Home Code Quality Code Reviews 9 challenges of managing PRs and how to solve them

9 challenges of managing PRs and how to solve them




Developers have been using Pull Requests to review code on branches before it reaches master for a very long time. However, this workflow is one of the most challenging and time-consuming parts of the software delivery process.

Every Pull Request comes with different challenges, which can happen before, during, or after the PR is open. In a previous article, we gave you 13 tips to make your PR easier to review. Today, we’ll cover how you can have a better PR workflow by solving 9 challenges you might face.

Before opening the PR 

Personnel bottlenecks

Problem:  To ensure that high-quality code gets merged into production, some teams only allow some developers to merge PRs. This is well-intentioned, but senior developers tend to get overburdened since they are more knowledgeable. Overwork also increases the likelihood of an error occurring during the review process.

Solution: Include everyone in the code review process. You can use the logic of pair programming in code reviews with senior and junior developers. Everyone will broaden their knowledge of the code base, and the reviews will serve as learning tools where junior developers can improve their skills.

Difficulties in reaching consensus

Problem: Developers sometimes struggle between defending their individual ideas and incorporating contributions different from their vision, either because they don’t agree with the project’s direction or the way other developers wrote the code. In those cases, reaching a consensus is challenging.

Solution: Having a shared vision with a clear roadmap about the project’s future direction will help developers reach consensus faster. Plus, you can show developers that different ways of writing code are not inherently wrong. If it doesn’t compromise the quality and understandability of the code and if it’s following the agreed coding standards, it should get accepted.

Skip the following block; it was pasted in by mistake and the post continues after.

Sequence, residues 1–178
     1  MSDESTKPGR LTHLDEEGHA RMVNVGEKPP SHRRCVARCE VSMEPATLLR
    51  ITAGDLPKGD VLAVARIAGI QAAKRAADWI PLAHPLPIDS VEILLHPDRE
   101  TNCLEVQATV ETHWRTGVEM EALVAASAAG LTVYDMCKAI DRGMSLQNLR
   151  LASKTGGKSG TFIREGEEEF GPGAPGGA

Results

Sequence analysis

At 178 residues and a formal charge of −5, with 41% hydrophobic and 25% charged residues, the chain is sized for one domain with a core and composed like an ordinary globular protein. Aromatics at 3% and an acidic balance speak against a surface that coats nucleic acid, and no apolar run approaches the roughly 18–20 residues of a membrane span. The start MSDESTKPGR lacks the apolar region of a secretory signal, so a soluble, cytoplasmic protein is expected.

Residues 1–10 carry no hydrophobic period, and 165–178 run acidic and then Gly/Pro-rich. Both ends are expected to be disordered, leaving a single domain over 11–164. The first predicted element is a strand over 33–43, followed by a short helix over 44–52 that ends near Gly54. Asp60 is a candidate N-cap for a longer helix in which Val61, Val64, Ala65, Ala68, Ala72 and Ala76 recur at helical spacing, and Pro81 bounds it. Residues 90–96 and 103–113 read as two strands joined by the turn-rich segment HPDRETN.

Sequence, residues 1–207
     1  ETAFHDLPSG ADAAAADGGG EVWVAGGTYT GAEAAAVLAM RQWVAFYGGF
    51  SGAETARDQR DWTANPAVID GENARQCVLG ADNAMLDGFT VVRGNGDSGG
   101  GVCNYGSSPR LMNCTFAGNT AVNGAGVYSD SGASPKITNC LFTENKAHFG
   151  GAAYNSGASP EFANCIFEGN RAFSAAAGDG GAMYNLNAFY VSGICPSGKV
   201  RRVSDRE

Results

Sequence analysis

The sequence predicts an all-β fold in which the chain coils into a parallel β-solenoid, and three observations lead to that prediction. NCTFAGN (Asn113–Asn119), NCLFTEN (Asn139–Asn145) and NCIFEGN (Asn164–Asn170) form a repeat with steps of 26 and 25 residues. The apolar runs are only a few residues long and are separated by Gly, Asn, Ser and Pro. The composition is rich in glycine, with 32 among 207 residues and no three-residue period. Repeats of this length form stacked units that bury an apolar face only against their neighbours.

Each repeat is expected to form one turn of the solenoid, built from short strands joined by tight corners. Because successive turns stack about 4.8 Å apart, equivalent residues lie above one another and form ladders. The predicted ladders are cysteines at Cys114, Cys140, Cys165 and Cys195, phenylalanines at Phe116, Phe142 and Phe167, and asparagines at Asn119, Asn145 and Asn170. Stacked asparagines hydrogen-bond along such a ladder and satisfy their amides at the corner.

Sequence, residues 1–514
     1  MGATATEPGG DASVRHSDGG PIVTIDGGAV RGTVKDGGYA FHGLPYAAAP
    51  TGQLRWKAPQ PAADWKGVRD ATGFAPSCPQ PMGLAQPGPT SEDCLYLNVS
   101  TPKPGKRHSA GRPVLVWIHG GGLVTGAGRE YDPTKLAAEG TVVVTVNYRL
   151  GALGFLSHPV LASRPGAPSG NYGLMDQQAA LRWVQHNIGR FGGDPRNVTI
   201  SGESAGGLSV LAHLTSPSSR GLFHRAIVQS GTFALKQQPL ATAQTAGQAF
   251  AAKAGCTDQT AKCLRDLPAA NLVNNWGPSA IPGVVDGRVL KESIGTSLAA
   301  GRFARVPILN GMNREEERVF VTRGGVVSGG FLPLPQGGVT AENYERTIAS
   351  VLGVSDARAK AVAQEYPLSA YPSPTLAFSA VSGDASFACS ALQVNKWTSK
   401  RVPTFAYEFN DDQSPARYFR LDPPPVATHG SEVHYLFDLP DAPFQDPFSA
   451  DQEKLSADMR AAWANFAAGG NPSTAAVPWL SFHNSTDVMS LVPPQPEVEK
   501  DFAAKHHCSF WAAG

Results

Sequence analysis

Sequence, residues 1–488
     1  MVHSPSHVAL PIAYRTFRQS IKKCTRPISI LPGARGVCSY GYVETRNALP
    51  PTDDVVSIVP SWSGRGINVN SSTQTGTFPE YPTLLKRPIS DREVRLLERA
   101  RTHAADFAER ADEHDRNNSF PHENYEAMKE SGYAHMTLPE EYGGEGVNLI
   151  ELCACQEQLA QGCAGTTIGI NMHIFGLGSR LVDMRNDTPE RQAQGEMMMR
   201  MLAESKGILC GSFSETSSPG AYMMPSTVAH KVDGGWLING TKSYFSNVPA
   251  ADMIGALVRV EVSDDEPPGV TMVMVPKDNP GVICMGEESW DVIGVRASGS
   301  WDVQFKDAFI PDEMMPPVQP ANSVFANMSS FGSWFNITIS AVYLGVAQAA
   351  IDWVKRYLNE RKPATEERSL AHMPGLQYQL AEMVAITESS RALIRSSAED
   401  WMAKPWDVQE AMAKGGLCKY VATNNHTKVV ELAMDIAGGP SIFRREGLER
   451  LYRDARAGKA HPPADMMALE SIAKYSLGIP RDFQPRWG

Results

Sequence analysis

Too extensive Pull Requests 

Problem: The more lines of code you need to check, the higher the chance you’ll overlook something. Plus, developers don’t usually thoroughly review big PRs, because they are time-consuming and easier to get lost. As such, it’s fair to say that the bigger the PR, the poorer the code review will be.

Solution: Make smaller and self-contained Pull Requests. Because the PRs are small, it’s easier for reviewers to understand the context and reason with the logic, so the review is quicker and more thorough, and the PR is easier to merge, leading to fewer merge conflicts.

When the PR is open

The code is hard to understand

Problem: Sometimes, developers write code in a way that makes it difficult to understand. If one developer writes unstructured and hard-to-maintain code that other developers cannot read, this will affect the speed of the code reviews and the overall team’s velocity.